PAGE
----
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The adjacent airspace considerations deal with the risk posed by a loss of control of the operation resulting in an infringement of adjacent areas on the ground and/or adjacent airspace. Adequate requirements shall be fulfilled to mitigate such risk, especially when adjacent areas deal with gathering of people, populated environment or high density airspace classes
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(a) To assess the integrity of this OSO, the applicant determines:
(b) The lowest integrity level should be considered for those cases where a UAS equipment has only a partial environmental qualification
and/or a partial demonstration by similarity and/or parts with no qualification at all.
(a) This OSO addresses the risk of human errors which may affect the safety of the operation if not prevented or detected and recovered in a
Note: the flight envelope protection is excluded from this OSO since it is specifically covered by OSO #18.
(b) This OSO covers:
(a) Unmanned Aircraft (UA) are designed with a flight envelope that describes its safe performance limits with regard to minimum and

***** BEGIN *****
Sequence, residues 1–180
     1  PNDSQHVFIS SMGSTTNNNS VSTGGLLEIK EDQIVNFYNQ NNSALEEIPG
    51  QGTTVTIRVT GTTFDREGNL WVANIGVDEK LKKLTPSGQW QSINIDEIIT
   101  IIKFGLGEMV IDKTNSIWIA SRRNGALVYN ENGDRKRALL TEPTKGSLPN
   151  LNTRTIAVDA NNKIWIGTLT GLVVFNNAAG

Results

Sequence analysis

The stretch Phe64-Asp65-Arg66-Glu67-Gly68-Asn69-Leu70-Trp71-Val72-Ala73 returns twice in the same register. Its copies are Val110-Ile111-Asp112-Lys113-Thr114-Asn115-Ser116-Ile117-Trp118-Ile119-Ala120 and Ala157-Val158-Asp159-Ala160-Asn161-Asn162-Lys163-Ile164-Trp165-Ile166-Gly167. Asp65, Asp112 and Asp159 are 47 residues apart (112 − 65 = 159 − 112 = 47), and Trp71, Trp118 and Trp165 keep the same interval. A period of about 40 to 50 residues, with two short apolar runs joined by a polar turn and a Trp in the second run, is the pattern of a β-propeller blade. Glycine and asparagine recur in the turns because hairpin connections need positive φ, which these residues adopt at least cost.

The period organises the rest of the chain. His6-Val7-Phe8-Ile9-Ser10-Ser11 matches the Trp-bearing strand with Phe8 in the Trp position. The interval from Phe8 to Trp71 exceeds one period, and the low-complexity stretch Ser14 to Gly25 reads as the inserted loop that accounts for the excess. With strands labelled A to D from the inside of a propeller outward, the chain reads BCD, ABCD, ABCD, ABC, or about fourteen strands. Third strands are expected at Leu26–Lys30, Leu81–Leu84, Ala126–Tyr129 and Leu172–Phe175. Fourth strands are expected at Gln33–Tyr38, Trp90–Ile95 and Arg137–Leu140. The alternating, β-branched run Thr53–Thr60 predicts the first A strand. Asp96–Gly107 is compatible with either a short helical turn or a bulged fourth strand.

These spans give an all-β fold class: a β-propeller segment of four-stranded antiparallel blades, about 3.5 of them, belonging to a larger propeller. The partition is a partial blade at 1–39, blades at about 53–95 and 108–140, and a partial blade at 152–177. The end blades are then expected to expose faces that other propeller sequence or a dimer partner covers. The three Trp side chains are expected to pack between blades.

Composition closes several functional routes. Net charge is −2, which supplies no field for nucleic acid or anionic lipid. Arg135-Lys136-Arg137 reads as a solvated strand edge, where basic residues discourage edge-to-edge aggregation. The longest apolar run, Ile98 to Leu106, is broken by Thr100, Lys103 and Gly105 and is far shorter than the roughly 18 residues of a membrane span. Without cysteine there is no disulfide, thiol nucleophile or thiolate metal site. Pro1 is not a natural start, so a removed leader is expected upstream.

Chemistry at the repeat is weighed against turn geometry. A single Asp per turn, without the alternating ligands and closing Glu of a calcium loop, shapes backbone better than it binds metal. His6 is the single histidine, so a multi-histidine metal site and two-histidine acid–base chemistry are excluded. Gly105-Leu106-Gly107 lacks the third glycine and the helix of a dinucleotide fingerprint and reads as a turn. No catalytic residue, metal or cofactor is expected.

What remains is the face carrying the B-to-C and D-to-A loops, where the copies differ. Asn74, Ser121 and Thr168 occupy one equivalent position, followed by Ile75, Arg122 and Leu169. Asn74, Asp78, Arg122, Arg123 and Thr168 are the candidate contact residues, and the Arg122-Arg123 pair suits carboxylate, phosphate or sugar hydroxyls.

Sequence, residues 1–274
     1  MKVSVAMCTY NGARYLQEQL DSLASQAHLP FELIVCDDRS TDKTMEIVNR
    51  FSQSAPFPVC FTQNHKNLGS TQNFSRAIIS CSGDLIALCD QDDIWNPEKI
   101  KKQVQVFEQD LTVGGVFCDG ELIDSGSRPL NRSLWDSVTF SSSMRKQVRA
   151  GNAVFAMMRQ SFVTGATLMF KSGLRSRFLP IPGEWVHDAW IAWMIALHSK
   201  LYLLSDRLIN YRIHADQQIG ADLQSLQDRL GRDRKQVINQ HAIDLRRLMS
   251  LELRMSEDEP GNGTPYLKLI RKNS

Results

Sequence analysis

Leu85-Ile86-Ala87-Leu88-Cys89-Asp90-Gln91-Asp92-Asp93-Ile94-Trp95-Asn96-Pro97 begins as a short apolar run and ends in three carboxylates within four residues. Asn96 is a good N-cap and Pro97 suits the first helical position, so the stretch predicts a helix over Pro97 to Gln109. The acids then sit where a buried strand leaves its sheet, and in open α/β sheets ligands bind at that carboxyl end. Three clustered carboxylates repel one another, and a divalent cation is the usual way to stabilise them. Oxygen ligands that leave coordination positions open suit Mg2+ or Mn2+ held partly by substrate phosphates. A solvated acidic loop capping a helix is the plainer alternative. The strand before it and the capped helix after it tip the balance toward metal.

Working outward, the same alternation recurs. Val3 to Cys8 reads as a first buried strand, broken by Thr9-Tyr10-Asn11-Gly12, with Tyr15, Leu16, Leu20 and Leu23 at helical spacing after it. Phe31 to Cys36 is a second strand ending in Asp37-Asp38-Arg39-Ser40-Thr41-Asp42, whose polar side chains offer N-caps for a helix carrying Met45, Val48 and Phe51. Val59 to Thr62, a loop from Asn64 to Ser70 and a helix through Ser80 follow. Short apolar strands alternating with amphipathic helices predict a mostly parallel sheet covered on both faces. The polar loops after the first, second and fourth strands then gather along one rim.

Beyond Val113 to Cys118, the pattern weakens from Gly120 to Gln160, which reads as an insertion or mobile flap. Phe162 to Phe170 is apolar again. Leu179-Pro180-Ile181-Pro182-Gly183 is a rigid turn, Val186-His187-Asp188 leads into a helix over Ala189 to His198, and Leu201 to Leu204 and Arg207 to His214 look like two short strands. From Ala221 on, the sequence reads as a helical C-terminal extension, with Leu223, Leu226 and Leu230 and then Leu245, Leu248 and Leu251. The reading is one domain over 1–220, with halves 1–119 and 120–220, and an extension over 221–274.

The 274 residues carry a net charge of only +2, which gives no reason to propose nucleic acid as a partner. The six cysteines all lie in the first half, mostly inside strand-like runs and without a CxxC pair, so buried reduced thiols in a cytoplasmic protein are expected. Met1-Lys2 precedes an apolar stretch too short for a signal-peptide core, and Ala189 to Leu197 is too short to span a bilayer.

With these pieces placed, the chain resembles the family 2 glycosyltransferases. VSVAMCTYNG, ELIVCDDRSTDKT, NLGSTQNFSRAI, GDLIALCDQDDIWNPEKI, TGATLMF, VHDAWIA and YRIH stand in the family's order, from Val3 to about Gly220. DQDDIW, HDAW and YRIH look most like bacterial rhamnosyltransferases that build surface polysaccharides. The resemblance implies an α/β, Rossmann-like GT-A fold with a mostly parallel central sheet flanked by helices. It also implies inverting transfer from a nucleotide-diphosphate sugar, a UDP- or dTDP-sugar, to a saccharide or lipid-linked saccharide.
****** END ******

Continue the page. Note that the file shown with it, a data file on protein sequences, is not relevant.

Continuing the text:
maximum operating speeds, and operating structural strength.
(b) Automatic protection of the flight envelope is intended to prevent the remote pilot from operating the UA outside its flight envelope. If
the applicant demonstrates that the remote-pilot is not in the loop, this OSO is not applicable.
(c) UAS implementing such automatic protection function will ensure the UA is operated within an acceptable flight envelope margin even in
the case of incorrect remote-pilot control input (human error).
(d) UAS without automatic protection function are susceptible to incorrect remote-pilot control input (human error) which can result in loss